In terms of younger lovers, you ladies should check out Mike at I'm Not Touching You (see above photo). Alternately funny, gross, inventive, crass and horny, he's a typical young guy with sex on the brain who also writes well.

And speaking of writing, there's Adrie Santos: the Accidental Sex Writer. She got the name because her smut is selling better than her regular writing (I can relate to that). She posts about a variety of interesting topics, both related to the printed word and to life in general, including her stint as a sex toy reviewer.

Friday, March 10, 2006

Passing the 100,000 visitor milestone...

I think that sorta says it all (please look to the right and the hit counter that says how many people have stopped in here since March, 2005).

Wednesday, March 01, 2006

Chapter Five (part 6)

(continuing the "all nighter" conversation between Cassie and her lovers P. and S.)

"If I tell you it's OK to borrow my vacuum cleaner," P. rambled on, "my words are expressing a gesture of social politeness at odds with the natural, selfish desire to withhold what's mine from another person."

"And if I asked to borrow your wife, old man, it's much plainer why you might say no." S. laughed at his own cleverness.

"You'd be wasting your time loaning him a vacuum cleaner," I quipped, "try hiring a maid." S. made an overly-elaborate wincing motion, then rolled over and buried his face in my lap.

"Loaning me a wife would accomplish two goals at once, including having a cleaner room," he mumbled through the cloth of my skirt. His voice vibrated against my thighs, tickling, distracting me momentarily from "deep thoughts."

"You're a male chauvinist, Retter!" I scolded after bringing my attention back to the conversation. "Besides, the ideal ménage à trois for a woman is one man to do the dishes and another to clean the house."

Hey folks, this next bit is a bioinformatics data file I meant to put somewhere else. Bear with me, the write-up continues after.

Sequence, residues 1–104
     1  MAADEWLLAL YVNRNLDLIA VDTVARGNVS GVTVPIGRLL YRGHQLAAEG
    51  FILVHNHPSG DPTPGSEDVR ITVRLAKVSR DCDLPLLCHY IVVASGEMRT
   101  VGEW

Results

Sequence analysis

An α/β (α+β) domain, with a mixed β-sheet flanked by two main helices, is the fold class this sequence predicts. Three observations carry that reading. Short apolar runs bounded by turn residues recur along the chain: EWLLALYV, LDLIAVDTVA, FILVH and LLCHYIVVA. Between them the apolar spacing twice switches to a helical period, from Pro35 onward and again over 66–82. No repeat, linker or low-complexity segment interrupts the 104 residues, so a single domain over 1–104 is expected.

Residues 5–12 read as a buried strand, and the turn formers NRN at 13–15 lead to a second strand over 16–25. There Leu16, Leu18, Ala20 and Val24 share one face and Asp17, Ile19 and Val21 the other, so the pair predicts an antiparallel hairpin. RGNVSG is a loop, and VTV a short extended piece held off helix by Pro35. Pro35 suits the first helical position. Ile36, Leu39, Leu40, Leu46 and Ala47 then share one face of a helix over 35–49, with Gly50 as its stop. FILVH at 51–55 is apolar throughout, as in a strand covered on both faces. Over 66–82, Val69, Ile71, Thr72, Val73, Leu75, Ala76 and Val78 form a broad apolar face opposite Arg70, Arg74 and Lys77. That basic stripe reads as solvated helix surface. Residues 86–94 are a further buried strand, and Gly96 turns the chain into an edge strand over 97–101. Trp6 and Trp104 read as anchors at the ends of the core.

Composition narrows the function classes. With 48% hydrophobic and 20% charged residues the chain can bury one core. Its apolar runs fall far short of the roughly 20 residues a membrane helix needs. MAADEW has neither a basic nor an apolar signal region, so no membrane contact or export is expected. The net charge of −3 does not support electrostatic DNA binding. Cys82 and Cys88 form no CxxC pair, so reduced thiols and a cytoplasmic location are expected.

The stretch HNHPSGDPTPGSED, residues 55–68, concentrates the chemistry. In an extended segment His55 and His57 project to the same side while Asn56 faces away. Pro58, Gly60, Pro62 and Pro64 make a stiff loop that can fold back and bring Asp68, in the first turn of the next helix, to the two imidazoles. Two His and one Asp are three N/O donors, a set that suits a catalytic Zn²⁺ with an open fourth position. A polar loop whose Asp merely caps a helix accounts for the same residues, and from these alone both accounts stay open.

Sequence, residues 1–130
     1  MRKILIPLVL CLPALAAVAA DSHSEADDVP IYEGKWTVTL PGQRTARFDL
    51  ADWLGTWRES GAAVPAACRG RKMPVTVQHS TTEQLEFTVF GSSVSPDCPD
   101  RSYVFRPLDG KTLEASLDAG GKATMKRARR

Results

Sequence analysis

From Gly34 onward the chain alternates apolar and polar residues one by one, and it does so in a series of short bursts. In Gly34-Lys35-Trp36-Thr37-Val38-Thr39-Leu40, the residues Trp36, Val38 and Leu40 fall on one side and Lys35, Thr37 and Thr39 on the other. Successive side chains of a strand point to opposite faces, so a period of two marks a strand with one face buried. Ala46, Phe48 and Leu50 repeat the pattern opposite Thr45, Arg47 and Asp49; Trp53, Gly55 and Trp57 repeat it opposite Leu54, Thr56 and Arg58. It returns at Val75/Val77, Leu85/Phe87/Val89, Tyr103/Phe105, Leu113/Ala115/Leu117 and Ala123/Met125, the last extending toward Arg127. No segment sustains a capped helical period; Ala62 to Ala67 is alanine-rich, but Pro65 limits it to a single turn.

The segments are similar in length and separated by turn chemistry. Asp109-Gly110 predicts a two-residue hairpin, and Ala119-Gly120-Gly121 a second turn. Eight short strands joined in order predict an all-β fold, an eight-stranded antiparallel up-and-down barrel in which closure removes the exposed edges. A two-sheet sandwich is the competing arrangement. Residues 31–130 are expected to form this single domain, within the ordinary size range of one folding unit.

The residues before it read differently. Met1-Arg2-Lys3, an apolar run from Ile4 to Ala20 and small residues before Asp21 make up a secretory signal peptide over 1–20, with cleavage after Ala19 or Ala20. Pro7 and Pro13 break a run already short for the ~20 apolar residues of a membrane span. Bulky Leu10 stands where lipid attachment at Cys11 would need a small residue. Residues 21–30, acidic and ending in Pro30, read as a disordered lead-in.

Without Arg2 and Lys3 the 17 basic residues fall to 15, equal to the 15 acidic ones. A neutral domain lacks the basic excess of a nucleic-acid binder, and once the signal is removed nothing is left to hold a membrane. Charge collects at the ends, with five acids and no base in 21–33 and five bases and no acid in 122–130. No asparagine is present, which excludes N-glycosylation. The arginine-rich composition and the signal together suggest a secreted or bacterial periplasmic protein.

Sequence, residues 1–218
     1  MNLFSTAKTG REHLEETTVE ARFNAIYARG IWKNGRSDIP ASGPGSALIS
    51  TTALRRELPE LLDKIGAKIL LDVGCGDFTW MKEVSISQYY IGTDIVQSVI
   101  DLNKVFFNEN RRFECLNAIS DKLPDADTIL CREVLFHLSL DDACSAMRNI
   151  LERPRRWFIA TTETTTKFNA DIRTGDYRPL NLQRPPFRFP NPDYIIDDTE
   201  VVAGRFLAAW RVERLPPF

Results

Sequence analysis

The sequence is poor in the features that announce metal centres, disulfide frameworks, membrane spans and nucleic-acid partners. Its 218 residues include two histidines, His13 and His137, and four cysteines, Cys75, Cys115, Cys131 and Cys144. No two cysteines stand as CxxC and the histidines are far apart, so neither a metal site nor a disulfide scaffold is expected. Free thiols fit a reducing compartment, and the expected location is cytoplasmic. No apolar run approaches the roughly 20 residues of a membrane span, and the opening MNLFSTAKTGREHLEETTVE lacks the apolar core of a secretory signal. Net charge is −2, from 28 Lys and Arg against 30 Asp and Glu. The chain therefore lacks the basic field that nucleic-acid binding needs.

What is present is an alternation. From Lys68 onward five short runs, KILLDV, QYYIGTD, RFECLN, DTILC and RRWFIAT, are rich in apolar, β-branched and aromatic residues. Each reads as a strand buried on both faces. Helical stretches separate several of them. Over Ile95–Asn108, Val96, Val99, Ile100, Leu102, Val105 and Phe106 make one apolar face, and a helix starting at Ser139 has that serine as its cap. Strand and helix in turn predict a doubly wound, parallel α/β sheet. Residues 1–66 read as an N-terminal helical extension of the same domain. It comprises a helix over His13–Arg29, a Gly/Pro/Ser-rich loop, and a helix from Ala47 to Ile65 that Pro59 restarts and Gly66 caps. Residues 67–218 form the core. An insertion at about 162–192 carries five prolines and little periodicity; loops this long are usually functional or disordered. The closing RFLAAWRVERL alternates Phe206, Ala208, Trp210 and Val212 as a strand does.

They both laughed, though I'm sure it was in competition to seem the most solicitous. Ah, testosterone. Still, I relished the competition between them with my attention as the prize.

"We subvert our own selves through these hidden desires or urges," P. went on while shoving S. over onto his back. "It's the same with texts: they have hidden subversions." He put his hands on my shoulders and began rubbing out the deep knots of tension there. S. couldn't compete with him on a physical level.

"Sounds like shrink talk," I blurted out with S. joining me in a conspiratorial laughter.

"There's definitely an element of the psychoanalytical to it all." P. sorta shrugged at our small point. "In French it's called différance."

"Not more jargon!" I protested.

"Ah, vive la difference!" S. leered, first at me, then at P. to show he didn't mean it for anyone in particular.

P. parried by running his foot along my bare legs, nearly lifting the hem of my skirt. His showing off made me blush— I didn't like him letting S. know whose property I am that way, men are so fucking possessive!

"It's not the same word, old man. Différance is a Derrida made-up word combining 'deferring' and 'difference.' The meaning's pretty straightforward: no poem or novel or play, no writing at all can sustain a coherent meaning."

"What? That's absurd! What about political writing, or scientific texts? And what about propaganda? Explain that to those of us like myself who are by-products of the Second World War." S. wasn't grinning now. "When Nazis talked about gassing Jews, where is the incoherence in their meaning?"

"No matter how tight or logical words seem," P. shot back, "all texts have internal contradictions. Those contradictions cut us off from what we call a real meaning."

I thought then how much Deconstruction applied to my life: an outer façade (good girl, good wife) plastered over a maze of impulses and "meanings" at war with one another tight. "A mass of internal contradictions." Perhaps that simply describes human beings in general? I didn't think it applied to P. He's usually so constant— except perhaps for sex. He likes experimenting in the places we make love, the positions, etc. Beyond that limited sphere of his personality, however, he's so grounded. Unlike me, he knows he was born to teach, that he'll someday write important books and think great thoughts, and eventually become Sterling Professor of Comp Lit like de Man."

(to be continued)